In the month of May, you might figure you can finally take those snow tires off your car and pack away those snow shovels, sweaters, and bags of rock salt until November. Summer is just around the corner, right? That’s probably what a lot of New Englanders were thinking back in 1977… until the unthinkable happened.
The Mother’s Day Blizzard of 1977
On the evening of Sunday, May 8, 1977, Mother’s Day, a double-barreled storm struck: one centered north of Lake Ontario and the other near Harrisburg, Pennsylvania, slid off the coast and, 24 hours later, by May 9th had consolidated into one storm system that rapidly intensified southeast of Cape Cod. A mass of unseasonably cold, Canadian air wrapped itself around the developing storm and produced a cold rain which ultimately changed over to heavy, wet snow.
The result was a particularly unique situation.
Unique since accumulating snow fell so late into the spring with very few historical precedents. There were some astounding totals such as 12.7 inches at Worcester, Mass., and 7.5 inches at Providence, R.I., the only case of measurable snowfall in the month of May in the 20th Century.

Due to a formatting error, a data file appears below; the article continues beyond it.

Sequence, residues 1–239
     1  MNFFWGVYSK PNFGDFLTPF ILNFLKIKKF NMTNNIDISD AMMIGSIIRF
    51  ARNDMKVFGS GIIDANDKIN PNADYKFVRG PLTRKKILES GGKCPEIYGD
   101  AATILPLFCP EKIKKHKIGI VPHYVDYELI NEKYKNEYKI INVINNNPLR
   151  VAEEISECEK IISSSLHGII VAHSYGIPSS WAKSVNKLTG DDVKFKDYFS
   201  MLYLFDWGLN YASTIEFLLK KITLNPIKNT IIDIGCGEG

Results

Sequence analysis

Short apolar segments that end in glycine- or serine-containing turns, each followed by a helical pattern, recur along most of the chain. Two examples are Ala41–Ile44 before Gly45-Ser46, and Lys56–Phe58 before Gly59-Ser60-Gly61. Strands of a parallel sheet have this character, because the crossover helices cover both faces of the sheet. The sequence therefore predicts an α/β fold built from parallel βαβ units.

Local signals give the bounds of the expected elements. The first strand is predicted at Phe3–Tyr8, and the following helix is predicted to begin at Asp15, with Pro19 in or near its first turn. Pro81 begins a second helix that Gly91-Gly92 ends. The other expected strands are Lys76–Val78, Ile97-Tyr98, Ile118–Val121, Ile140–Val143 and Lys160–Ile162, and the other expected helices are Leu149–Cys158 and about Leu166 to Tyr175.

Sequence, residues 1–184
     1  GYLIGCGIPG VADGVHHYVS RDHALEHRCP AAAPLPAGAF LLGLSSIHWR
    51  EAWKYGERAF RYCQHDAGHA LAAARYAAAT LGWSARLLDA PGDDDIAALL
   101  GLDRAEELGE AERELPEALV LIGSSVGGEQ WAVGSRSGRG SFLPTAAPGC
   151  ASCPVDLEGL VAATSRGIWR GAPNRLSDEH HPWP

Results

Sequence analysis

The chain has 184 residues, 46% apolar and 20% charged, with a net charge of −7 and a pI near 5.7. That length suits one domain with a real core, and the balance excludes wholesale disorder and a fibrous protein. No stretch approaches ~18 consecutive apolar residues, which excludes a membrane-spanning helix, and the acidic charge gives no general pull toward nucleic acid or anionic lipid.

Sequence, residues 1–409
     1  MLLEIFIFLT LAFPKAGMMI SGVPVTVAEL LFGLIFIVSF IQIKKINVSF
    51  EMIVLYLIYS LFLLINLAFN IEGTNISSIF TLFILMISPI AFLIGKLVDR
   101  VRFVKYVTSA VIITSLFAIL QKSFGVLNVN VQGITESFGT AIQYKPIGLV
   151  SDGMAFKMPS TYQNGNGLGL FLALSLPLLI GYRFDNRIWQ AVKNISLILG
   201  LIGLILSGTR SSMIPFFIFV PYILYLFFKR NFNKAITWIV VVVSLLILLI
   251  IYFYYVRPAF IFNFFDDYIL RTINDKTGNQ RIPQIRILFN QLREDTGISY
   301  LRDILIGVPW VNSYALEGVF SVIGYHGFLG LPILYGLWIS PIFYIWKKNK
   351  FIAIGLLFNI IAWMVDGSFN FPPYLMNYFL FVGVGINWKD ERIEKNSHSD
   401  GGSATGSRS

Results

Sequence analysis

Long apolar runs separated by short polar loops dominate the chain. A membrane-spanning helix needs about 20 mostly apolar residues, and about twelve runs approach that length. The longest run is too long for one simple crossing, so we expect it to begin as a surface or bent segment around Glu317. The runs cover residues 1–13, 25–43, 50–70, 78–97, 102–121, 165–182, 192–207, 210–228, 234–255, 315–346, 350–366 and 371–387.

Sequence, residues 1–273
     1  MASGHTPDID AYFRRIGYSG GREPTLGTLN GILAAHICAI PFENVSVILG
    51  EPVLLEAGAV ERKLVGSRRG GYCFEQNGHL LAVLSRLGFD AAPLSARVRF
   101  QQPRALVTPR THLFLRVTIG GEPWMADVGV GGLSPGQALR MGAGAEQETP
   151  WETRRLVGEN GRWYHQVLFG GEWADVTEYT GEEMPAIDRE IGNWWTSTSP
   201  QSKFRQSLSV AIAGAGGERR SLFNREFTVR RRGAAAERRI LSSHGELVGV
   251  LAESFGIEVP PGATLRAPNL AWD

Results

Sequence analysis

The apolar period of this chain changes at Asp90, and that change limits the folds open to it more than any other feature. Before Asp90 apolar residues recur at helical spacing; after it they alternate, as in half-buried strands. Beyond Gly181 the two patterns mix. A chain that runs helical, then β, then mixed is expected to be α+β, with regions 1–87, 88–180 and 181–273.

In New York State, more than a foot of snow fell at the famous Mohonk Mountain House resort just west of New Paltz, while the highest peaks of the nearby Catskill Mountains received up to 27 inches!
Even in the Pocono Mountains of Pennsylvania, 8 inches of snow fell, while thunderstorms in southern Pennsylvania and Maryland brought wind gusts as high as 70 mph, which downed power lines and caused extensive outages.
It just goes to prove that, even late in the spring season, if just the right ingredients come together at just the right time, you can still get one heck of a “winter” storm!
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Caleb Weatherbee is the official forecaster for the Farmers' Almanac. His name is actually a pseudonym that has been passed down through generations of Almanac prognosticators and has been used to conceal the true identity of the men and women behind our predictions.